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Beyond Rye: On Safari, and in the Heart of the Maasai

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Beyond Rye: On Safari, and in the Heart of the Maasai

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BEYOND RYE

 

On Safari, and in the Heart of the Maasai

 

By Holly Kennedy

 

After trekking with gorillas in Uganda, we headed to Tanzania on safari through the Serengeti, Ngorongoro Crater, Olduvai Gorge, and Tarangire National Park. Somehow our family had never gotten around to going on safari until now. After seeing dozens of nature specials on TV, “The Lion King” as a movie and Broadway play, and visiting Disney’s Animal Kingdom, I was convinced a real safari experience did not need to rate high on our bucket list, especially because the ‘kids’ going with us were 25 and 27.

 

Boy was I was wrong. I am a convert and ready to return. Nothing prepared me for the majesty of the endless plains, the spectacular scenery, the animals in their natural habitat, and the culture of the Maasai people. Ultimately, it was the stark reality that if I got out of the safari car or walked alone at night at our camp without a security guard, a predator might likely eat me. Television and movies may provide a closer view or capture moments one may not see in the wild, but nothing compares to the real thing. Being on safari in Africa is extraordinary.

 

The Serengeti was filled with thousands upon thousands of zebras and wildebeests beginning their great migration into Kenya, following their centuries old patterns of searching for green grazing lands as the seasons change. It was magical, mystical, thrilling, breathtaking, and awe-inspiring. There were hundreds of elephants in matriarchal herds and several dozen giraffes gracefully eating from tall hillside trees. We saw a single majestic leopard on the lookout for prey from his tree branch and lionesses lounging in tall grasses alongside watering holes, ready to pounce. There were hippos, gazelle, and water buffalo, exotic birds, and warthogs everyone called pumbas, a nod to “The Lion King”. We even watched a lion eat an adult water buffalo (not close-up like TV, thank goodness).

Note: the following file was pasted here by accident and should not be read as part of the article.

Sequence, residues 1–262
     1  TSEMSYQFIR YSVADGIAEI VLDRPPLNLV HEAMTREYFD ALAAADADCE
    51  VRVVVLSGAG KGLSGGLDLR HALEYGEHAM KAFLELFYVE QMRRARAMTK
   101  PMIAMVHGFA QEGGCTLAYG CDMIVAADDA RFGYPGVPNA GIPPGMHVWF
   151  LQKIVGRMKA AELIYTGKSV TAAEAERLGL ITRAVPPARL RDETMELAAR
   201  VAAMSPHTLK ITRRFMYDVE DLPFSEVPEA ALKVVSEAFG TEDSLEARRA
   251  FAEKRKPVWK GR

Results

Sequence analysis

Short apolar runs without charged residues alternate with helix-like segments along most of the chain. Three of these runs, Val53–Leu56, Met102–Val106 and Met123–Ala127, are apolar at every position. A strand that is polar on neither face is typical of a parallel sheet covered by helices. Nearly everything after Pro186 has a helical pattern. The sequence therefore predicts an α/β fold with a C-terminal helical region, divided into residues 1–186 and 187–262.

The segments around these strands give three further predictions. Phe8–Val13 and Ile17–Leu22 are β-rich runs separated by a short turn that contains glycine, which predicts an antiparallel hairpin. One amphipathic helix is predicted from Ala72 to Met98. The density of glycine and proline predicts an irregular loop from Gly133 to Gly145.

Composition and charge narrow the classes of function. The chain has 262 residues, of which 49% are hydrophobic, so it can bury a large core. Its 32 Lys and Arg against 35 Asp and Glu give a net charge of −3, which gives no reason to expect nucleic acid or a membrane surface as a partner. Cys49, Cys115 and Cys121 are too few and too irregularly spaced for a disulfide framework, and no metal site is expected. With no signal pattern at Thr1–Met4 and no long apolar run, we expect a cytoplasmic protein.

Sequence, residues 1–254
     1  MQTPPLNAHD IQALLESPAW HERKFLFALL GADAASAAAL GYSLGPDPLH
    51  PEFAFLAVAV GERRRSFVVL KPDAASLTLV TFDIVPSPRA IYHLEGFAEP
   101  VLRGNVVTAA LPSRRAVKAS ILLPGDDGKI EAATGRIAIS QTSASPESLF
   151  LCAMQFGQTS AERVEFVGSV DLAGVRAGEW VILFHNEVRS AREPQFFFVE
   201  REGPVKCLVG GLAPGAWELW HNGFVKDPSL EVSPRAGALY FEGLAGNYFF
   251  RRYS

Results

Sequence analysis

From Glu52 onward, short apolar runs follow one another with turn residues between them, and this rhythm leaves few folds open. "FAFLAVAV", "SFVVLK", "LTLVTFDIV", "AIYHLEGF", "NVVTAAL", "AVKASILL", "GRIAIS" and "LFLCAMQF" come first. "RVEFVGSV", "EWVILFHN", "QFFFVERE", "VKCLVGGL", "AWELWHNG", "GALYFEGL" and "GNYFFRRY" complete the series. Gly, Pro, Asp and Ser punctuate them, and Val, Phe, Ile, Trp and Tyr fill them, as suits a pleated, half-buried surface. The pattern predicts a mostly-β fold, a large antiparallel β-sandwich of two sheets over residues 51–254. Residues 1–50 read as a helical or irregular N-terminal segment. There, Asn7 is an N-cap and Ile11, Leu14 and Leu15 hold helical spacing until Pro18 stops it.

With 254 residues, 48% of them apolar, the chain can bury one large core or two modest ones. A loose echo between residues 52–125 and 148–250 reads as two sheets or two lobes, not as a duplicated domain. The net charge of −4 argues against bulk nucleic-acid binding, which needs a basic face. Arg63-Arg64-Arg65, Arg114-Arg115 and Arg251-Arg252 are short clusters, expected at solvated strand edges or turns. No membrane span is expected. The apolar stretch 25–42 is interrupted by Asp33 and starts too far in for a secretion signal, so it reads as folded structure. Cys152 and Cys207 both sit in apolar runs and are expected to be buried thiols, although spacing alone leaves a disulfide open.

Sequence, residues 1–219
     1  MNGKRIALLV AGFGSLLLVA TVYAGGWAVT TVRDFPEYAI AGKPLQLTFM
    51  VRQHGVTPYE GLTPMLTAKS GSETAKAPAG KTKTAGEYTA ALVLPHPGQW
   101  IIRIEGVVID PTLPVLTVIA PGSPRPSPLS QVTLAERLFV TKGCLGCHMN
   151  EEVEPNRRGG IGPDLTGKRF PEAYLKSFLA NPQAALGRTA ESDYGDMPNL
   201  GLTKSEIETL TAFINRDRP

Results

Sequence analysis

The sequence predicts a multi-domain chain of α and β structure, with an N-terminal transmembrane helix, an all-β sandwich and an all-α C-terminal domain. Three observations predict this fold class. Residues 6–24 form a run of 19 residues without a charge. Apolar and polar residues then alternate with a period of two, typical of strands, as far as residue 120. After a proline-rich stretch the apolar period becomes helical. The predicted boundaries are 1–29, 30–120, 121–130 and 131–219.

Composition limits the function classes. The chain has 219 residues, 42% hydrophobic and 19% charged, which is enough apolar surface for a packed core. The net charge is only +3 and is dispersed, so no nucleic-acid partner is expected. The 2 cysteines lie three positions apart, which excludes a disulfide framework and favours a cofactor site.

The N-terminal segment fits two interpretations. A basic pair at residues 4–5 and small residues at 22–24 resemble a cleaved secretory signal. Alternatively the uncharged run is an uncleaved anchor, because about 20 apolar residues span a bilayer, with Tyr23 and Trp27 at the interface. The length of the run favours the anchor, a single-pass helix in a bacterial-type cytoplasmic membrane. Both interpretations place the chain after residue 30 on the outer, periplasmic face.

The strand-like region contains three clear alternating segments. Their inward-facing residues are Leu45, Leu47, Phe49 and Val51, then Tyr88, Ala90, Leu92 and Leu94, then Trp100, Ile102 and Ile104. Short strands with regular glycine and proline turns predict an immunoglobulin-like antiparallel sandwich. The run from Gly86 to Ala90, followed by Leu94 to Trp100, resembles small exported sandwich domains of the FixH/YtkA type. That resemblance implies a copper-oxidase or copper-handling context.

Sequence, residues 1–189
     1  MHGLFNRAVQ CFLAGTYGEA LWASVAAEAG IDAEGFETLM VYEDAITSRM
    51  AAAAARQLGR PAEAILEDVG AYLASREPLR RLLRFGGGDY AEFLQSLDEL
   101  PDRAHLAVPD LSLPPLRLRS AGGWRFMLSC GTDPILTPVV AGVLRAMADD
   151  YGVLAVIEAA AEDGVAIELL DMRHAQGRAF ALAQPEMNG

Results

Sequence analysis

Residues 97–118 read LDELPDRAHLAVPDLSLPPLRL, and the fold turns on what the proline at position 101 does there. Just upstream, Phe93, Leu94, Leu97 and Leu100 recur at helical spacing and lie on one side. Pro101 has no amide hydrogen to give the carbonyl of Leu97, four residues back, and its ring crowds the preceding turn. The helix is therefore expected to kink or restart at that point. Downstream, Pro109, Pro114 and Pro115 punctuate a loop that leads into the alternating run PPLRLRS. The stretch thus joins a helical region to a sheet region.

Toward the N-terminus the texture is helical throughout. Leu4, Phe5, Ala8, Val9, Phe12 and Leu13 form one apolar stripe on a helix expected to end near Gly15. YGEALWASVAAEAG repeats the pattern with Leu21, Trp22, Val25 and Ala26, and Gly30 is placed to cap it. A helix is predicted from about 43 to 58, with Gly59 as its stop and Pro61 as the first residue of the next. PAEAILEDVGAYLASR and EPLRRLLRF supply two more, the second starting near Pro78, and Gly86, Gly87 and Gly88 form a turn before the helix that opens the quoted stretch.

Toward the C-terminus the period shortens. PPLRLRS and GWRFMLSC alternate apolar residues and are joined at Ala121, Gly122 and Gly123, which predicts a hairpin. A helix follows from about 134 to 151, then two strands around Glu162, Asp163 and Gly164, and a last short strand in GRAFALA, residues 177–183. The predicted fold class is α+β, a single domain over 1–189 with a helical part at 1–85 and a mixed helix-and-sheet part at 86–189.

Each day dawned a new adventure, including our visit to Olduvai Gorge, where in the 1960s archaeologists Louis and Mary Leaky discovered human fossils dating back over 1.4 million years. We were taking a guided walking tour to learn the history of the Gorge and its people over the millennia. Our guide was Maasai and when not living in his village, doubled as a tour guide and security person for our safari camp in the heart of the Maasai region.

 

Waiting for our group to assemble, our guide asked me, “What is your family business, goats or cattle?” He said, “Mine is cattle,” explaining that he came from a village about two days walk from this site, working a few days each month with the tourists before returning to his family, village, and cattle herd.

 

Of all the variations on the theme of what do you do, this was a first. When the two options are goats or cattle, how does one explain banking and Wall Street? Even though we had the English language in common it dawned on me that this was going to be a cross-cultural exchange unlike any I had experienced.

 

I dove in. “Well, our family was in a business that helped people pay for things,” I answered, hoping this simple explanation would bridge the cultural divide. The smile on his face let me know. “Yes, I understand,” he said. He too had to pay for things. “Each year I take several of my cattle to the local school to pay for my children’s school fees.”

 

I was in awe. We had found common ground, but we were not living in the same world. The experience of conversing with an individual whose culture is still based on the historic occupation of nomadic goat and cattle herder, using historic traditions and techniques to gather water, firewood, tend to herds, and protect an ancient way of life was nothing short of stunning.

 

Once again, I was reminded that our one planet is home to populations of people and animals that live very differently.

 

No movie, TV program, or theme park comes close.

 

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